By Kiana Wilburg
While politicians are currently courting the public as the time for the debate over the No-Confidence Motion draws
near, criticisms have continued to increase as to whether the political opposition has and is, performing at its best, in and out of the National Assembly.
Leader of A Partnership for National Unity (APNU), David Granger, expressed at his last held weekly press conference that he is most satisfied with the performance of his parliamentarians. In previous interviews with this publication, Granger had cited the lack of resources, among other factors to be the main reason why the opposition has not been able to effectively exercise its muscle, when it comes to ensuring that the government is held accountable for its actions.
While critics have bemoaned Granger’s position on the lack of resources, Leader of the Alliance For Change (AFC), Khemraj Ramjattan, is in agreement with the APNU Leader.
Ramjattan expressed via a telephone interview with this publication that the lack of resources is a frustration not just to APNU, but to the AFC, and is a factor which has essentially made the Opposition weaker.
He noted that the Opposition is “constrained and deliberately made ineffective by the non-grant of facility of researchers and experts to help its members in the analysis of major areas of policy and finance among others.”
He explained that the culprit behind this is the Government, which continues to deny the Parliament a Budget Office. This Office, he explained, would certainly assist in scrutinizing Government’s appropriations and recommending an Opposition alternative.
“The constraint Mr. Granger talks about is certainly a significant and real one and we in the AFC suffer from it as well. Many things we would have to fund and do on our own, if we have to get the research and specialized analysis on certain matters, we have to do it on our own. We are supposed to have the ability to employ the relevant experts on it.
“But the Government does not want us to enjoy that benefit. As it relates to the critics who feel we ought to do better, they need to understand that what Mr. Granger is talking about is most certainly a serious reality, and because the Government denies us certain benefits, it has made us weaker and we are challenged. Many of the things that we would want to do are left in limbo because of the lack of resources,” Ramjattan asserted.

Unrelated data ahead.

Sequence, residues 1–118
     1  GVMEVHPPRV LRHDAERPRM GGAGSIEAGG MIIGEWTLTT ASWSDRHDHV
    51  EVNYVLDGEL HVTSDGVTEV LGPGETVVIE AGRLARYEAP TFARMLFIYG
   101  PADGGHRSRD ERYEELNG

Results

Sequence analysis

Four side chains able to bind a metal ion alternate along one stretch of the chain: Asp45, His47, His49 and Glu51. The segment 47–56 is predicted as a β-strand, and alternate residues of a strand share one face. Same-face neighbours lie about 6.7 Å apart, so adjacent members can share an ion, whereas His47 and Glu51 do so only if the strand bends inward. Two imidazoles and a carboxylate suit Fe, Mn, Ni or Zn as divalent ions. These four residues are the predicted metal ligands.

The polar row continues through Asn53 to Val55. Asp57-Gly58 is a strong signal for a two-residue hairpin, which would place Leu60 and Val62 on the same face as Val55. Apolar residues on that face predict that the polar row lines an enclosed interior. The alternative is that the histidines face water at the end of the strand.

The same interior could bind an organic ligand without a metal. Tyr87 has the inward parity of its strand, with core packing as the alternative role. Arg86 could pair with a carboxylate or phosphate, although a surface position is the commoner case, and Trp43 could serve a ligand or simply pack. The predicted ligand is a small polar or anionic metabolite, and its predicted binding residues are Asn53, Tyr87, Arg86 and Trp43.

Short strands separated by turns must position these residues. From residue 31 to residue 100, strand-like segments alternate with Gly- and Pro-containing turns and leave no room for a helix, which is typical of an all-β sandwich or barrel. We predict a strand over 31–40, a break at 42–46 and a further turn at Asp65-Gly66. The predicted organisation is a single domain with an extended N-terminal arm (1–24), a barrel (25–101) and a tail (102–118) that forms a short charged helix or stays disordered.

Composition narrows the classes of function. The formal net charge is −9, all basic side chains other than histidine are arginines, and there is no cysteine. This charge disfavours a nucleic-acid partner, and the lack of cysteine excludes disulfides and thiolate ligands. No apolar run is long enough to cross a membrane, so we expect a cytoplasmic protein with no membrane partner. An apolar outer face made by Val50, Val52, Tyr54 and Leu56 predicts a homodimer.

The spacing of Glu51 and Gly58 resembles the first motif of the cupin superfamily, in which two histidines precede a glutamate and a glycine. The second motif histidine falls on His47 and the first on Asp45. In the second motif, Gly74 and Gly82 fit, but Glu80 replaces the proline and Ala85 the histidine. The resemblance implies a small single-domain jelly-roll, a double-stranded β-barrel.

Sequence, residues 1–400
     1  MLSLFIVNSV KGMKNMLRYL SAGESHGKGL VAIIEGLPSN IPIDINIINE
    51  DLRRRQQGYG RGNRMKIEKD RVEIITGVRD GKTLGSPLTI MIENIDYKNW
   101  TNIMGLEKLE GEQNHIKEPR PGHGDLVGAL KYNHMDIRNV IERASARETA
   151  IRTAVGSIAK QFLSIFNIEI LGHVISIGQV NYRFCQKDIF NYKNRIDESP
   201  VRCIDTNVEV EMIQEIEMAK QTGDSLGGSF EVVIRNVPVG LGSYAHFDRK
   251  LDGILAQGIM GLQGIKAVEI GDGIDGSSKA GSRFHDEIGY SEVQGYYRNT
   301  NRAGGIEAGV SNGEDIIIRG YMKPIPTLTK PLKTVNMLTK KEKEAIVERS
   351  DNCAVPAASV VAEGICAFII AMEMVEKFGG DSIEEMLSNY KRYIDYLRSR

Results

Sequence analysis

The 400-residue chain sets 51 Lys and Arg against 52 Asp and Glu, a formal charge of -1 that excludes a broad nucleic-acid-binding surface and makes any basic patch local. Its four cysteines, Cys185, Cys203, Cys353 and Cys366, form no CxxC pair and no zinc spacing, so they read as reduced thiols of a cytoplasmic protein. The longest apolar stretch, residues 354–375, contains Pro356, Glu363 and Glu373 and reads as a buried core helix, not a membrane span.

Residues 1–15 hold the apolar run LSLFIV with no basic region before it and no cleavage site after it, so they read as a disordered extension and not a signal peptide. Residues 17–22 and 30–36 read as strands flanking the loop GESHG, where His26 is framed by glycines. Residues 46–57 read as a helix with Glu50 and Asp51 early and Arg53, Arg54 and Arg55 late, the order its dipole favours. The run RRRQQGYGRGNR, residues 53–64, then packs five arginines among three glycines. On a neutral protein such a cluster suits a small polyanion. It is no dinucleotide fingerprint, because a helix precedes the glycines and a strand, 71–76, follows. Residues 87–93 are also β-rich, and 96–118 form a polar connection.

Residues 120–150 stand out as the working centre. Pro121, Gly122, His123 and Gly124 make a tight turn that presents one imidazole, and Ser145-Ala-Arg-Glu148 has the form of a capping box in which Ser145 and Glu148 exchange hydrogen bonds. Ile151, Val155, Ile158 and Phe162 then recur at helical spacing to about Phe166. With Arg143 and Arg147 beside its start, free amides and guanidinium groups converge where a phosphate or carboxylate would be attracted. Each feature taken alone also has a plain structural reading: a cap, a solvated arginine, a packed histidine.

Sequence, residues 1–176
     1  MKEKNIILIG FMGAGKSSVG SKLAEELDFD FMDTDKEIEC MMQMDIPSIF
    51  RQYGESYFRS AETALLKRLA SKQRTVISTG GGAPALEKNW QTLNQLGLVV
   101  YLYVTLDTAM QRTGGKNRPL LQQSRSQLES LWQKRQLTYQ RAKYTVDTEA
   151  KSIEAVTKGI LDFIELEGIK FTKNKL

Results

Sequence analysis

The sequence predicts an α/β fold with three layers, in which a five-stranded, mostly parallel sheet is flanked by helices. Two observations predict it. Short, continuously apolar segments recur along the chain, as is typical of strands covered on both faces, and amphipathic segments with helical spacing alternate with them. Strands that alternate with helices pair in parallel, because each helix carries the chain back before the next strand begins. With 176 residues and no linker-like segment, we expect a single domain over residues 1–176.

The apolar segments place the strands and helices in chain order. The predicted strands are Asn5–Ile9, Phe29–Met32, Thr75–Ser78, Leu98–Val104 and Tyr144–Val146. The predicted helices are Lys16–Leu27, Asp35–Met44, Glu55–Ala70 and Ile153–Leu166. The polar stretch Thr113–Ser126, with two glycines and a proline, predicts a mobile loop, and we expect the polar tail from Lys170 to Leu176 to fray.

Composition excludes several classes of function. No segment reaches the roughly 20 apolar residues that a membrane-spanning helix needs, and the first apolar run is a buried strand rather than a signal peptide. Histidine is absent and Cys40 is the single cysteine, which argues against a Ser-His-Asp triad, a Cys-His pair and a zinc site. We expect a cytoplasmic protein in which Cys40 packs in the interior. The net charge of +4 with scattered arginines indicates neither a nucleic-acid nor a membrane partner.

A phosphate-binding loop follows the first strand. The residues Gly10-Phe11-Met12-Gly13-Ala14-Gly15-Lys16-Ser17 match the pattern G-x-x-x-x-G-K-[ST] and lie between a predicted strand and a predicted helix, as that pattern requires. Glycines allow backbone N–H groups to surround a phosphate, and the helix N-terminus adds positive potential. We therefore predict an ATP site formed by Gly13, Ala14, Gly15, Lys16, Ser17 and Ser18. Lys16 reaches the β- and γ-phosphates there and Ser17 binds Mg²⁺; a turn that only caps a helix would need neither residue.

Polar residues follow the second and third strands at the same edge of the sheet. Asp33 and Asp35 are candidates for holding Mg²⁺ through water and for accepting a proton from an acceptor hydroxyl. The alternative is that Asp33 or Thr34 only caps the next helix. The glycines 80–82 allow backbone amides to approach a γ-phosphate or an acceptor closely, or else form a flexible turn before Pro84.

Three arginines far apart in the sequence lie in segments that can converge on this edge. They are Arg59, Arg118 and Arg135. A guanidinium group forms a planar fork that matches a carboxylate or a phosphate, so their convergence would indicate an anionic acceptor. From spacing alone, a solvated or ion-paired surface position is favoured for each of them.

On the question of the discrimination of benefits given to APNU’s Leader as against the AFC Leader, he explained, “Mr. Granger is entitled to certain things for his office as Leader of the Opposition, and the AFC respects that and is not envious of that.”
Chartered Accountant Christopher Ram had accused the APNU Leader, and some of his parliamentarians, of being “ineffective” and “incompetent” if one were to examine their parliamentary contributions.
This is just one of the criticisms Ram made in a detailed two-part analysis of APNU which was published in July and August. Ram opined that the political opposition coalition makes too many excuses for its “poor performance.”
Ram had commented on APNU’s “usual cry” of lack of resources being the cause for the coalition’s inability to perform effectively in the National Assembly.
In the face of some of Ram’s criticisms, Granger had said that he finds Ram’s comments to be “unreasonable, misguided and unfair.” He insisted that he is pleased with the performances and contributions of his parliamentarians.
Ram on his website, www.chrisram.com explained that his analysis of APNU was spurred by a press conference a few months ago to mark the third anniversary of the coalition.
He made reference to comments made by Granger, who had said that as the major opposition force in the National Assembly, and given its relatively “brief existence” it has made major progress despite the serious lack of facilities and resources.
Ram had also made reference to the fact that Granger had disagreed with the critics who said, since last year that APNU has not done adequate work. Granger had disagreed then, and he disagrees now.
With 26 members in the National Assembly, Ram insisted that APNU would have been “expected to do more – much, much more”.
Granger had said, “I believe the people who question the APNU need to examine the role of the opposition, the resources available and the progress we made in making the government more accountable and on insisting on transparency…
“They also need to examine the progress we have made in attempting to make the Parliament office and the National Assembly truly autonomous and independent of the executive branch …
“We have had an uphill struggle in making this government more accountable to the people and to make the Parliament a place where real issues can be discussed.”
“I am satisfied with what the APNU has done and I feel we have made tremendous progress over the last thirty months or more…I am very satisfied.”
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